What Is Vinyl Flooring?
Vinyl flooring is made of polyvinyl chloride (PVC), with various compounds added to tailor the material’s characteristics such as color, flexibility, hardness and sheen.
The primary element in vinyl flooring is a simple vinyl sheet. To produce this, manufacturers suspend the vinyl in a liquid, creating a mixture that can be spread into a thin layer by a rolling process. From here this plastisol, or liquid plastic, coat is dried through an application of heat and air that fuses the material into a tough, durable sheet.
Vinyl flooring is a synthetic flooring material that is durable, affordable and easy to install. Vinyl is commonly confused with other types of flooring such as linoleum and laminate flooring. Luxury vinyl tile and planks are increasingly popular due to their versatility, ability to hold up in moist environments and realistic wood plank and stone tile appearance. So, which one is best for your home? To answer this question, you must first understand the differences between these popular flooring options.
Why Choose Vinyl Flooring?
While vinyl sheets and vinyl tiles were in vogue many years ago, new and improved versions are back in fashion as stylish, contemporary flooring options in a range of fabulous looks.
While vinyl sheets and vinyl tiles have their uses, vinyl plank flooring is quickly becoming the go-to product for use throughout the home due to its affordability and realistic timber-look finish.
Vinyl tiles, vinyl sheets and vinyl planks are:
- low maintenance
- allergy friendly
- family friendly
- easily installed
- highly resilient
- easily cleaned
- aesthetically pleasing
- modern flooring options
for residential and commercial premises.
The benefits of choosing hardwearing, family friendly vinyl flooring include:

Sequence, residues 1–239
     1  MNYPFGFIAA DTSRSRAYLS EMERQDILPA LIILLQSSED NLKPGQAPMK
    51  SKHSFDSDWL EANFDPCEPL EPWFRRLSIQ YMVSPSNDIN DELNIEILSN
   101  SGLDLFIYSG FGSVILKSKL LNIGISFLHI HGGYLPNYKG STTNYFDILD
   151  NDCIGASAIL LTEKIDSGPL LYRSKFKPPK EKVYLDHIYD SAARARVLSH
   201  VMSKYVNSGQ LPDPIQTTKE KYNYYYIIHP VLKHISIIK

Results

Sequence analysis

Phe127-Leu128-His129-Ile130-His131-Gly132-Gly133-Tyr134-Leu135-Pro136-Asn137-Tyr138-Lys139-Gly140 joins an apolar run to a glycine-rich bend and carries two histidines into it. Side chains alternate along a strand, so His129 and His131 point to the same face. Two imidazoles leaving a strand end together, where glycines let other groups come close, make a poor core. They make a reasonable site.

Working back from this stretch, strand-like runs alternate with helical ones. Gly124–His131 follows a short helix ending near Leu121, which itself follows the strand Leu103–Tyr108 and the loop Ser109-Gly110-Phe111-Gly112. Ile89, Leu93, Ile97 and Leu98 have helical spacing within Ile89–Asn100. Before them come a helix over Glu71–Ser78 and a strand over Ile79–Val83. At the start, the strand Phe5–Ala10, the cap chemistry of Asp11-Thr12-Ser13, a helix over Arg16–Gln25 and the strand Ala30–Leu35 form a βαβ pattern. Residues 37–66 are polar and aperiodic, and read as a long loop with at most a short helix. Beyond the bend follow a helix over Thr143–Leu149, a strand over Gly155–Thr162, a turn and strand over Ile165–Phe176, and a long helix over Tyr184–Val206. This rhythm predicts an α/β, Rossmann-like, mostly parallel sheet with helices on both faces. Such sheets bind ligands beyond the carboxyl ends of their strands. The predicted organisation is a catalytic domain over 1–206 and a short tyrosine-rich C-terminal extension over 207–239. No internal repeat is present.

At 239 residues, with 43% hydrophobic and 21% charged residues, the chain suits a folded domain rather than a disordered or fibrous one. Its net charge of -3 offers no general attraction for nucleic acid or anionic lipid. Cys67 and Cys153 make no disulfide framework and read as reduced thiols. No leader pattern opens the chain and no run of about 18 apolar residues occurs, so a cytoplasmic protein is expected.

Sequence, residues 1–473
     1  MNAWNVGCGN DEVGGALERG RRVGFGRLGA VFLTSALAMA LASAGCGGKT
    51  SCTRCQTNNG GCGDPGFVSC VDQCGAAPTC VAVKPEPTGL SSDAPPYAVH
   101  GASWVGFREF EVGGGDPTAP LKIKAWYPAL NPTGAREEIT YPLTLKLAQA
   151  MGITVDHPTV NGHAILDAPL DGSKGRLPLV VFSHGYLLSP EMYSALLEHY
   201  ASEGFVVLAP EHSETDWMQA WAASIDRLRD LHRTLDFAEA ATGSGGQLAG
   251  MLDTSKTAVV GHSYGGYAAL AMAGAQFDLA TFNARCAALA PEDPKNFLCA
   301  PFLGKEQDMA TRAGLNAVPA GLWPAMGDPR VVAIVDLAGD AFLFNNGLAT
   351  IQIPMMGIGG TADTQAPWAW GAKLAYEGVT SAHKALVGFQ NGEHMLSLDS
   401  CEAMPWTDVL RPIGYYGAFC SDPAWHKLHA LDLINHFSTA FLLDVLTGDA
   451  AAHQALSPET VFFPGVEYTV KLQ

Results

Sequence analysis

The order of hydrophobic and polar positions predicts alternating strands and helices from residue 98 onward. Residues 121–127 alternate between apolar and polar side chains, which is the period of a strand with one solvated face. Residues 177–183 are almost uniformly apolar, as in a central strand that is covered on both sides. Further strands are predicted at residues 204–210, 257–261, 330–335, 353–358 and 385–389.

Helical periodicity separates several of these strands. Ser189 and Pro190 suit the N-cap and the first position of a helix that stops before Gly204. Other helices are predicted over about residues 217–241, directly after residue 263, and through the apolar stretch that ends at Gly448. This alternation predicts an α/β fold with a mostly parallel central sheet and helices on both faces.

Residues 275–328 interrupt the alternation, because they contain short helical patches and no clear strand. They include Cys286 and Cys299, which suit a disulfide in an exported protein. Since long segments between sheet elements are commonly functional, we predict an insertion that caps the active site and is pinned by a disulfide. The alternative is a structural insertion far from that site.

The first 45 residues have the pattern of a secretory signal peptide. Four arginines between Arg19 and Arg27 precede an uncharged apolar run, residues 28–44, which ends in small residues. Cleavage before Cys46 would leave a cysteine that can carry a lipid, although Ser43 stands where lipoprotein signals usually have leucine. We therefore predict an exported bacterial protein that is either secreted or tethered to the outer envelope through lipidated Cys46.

- The photographic finishes on vinyl planks are realistic.
- The innovative, layered construction is highly durable.
- The look is stylish and modern.
- They are stain-resistant, water resistant or waterproof, and low maintenance.
- Vinyl sheets and vinyl planks are affordable for budget-conscious families.
- Vinyl is quieter underfoot than other hard flooring options.
- Vinyl planks have a softer, more tactile feel to the bare foot than laminate or engineered timber planks.
- Vinyl planks are easily laid in strips fixed directly to the subfloor with adhesives.
How easy is it to install vinyl flooring sheet?
Vinyl flooring is easy to install. Exactly how to install it will depend on the type of product you choose and the room in which you are flooring. Vinyl sheet can be cut with a utility knife and is fairly easy to fit into a standard-shaped room. Vinyl tiles are installed similarly to ceramic tiles. Many don’t even require wet adhesive — simply peel and stick or click them together.
Another great feature of vinyl flooring is that it can be installed directly over any subfloor, concrete, plywood or hardwood, as well as existing vinyl. Make sure that the subfloor is in good condition, has no cracks, and is cleaned beforehand. If you’re installing vinyl over tiles, you need to use a leveling compound to ensure the floor is even and flat. A leveling compound is a mixture that can be used to smooth uneven surfaces to ensure you have a flat floor surface.
How to maintain and repair vinyl sheet flooring
A big reason vinyl sheet flooring is so popular is that cleaning is straightforward. Mopping and vacuuming are sufficient for cleaning your floor daily. If spills are left too long, though, they can stain or leave a residue so make sure to wipe them up as soon as possible. Also, never drag heavy furniture across vinyl as it can scratch or dent the floor. Use felt or rubber covers on the bottoms of chairs or table legs to prevent indentations and gashes.
Vinyl is durable, but not indestructible. It’s essential to take the correct measures to keep your floor in good condition. To preserve your vinyl flooring for as long as possible, avoid abrasive cleaning products, or products that contain acetone or solvents. Follow the manufacturer’s recommendations for the best way to clean and maintain your floor.
Repairing vinyl flooring depends on the type of product and the damage it’s sustained. You can easily replace individual damaged tiles, but if you have sheets, you may have to fuse the surface or patch in new material. This can be quite difficult and the results are not usually aesthetically appealing. It’s good to call in a professional for vinyl repair to minimize the risk of having to replace your entire floor.